When it comes to classic adventure games, "Maniac Mansion" and "The Secret of Monkey Island" are often the most fondly remembered entries of that genre. Both of them were lead by the point and click extraordinaire Ron Gilbert who recently teamed up with his old friend Gary Winnick to develop a spiritual successor to "Maniac Mansion." That successor is the Kickstarter funded adventure "Thimbleweed Park" and now Nintendo Switch users will be able to join in on the pointing, clicking, and laughing.


People might forget that in addition to games based on the "Star Wars" and "Indiana Jones" franchises, the now defunct LucasArts was also responsible for character based graphic adventure games.

One of the earliest of these games was "Maniac Mansion:" the very first in a long line of graphic adventures by the company to be achieved with the SCUMM engine (Script Creation Utility for Maniac Mansion.) Gilbert and Winnick conceived of the game out of love for B-horror films and incorporated elements from movies such as "A Nightmare on Elm Street" and "Little Shop of Horrors."

The game was a critical and financial success that paved the way for other classics such as the "Monkey Island" series and a direct sequel called "Day of the Tentacle." After "Monkey Island 2: Lechuck's Revenge," Gilbert left LucasArts and became somewhat of a nomad developer; developing games from company to company.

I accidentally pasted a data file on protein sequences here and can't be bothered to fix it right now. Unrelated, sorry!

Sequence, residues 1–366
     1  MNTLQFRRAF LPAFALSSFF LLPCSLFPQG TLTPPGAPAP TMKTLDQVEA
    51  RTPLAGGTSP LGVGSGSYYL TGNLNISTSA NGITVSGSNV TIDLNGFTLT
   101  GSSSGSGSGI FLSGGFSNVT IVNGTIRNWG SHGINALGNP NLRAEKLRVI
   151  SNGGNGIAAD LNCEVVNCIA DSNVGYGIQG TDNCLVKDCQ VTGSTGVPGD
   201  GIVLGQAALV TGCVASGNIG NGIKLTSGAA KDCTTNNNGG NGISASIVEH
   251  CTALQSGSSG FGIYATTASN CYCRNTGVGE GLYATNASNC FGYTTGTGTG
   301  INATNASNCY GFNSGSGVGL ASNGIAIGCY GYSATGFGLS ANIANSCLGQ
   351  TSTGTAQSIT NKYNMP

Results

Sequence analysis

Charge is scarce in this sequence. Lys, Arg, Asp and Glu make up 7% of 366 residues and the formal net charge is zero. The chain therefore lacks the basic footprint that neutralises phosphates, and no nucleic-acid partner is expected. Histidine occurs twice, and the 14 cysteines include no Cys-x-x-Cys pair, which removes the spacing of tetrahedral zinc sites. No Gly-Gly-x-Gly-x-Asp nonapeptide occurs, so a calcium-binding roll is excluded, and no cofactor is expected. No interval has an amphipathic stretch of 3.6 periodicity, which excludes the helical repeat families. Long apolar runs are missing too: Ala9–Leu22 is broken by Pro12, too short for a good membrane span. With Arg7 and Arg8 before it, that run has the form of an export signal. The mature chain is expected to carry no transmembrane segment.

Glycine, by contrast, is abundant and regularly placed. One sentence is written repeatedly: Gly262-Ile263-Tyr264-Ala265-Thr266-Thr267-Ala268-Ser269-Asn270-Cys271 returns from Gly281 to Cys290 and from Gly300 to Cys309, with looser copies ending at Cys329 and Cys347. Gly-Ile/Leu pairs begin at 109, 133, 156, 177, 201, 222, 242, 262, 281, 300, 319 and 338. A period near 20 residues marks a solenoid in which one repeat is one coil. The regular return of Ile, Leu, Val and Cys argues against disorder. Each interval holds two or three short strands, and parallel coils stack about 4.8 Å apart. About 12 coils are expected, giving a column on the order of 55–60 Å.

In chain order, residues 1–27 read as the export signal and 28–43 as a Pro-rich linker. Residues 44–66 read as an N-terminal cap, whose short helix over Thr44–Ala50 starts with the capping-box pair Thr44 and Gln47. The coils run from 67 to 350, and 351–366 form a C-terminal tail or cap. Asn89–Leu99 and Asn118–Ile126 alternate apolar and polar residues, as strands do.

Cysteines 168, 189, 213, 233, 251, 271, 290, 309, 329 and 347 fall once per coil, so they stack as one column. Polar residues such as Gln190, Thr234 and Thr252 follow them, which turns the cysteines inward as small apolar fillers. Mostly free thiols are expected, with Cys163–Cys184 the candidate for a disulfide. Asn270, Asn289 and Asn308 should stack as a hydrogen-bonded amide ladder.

Notable games Gilbert helped make include the "Diablo"-esque adventure "DeathSpank" and the puzzle platformer "The Cave."

In 2014, Gilbert and Winnick announced the Kickstarter for their spiritual successor, "Thimbleweed Park" and described it as looking like "an undiscovered LucasArts adventure game you've never played before." Like "Maniac Mansion," this is a graphic adventure and a pastiche of elements from pop culture.

The game centers around a mysterious town where a murder investigation leads two FBI agents to several bizarre characters.The game pays homage to shows such as "Twin Peaks," "The X-Files," and "True Detective." Like its spiritual predecessor, "Thimbleweed Park" was a hit with critics and fans.

Release info

The game was originally released on the PC but will be ported to consoles in the near future. It will be ported to PlayStation 4 on August 22 and is slated for a release on the Nintendo Switch sometime in September. As of now, a specific date for the Switch release has not yet been disclosed.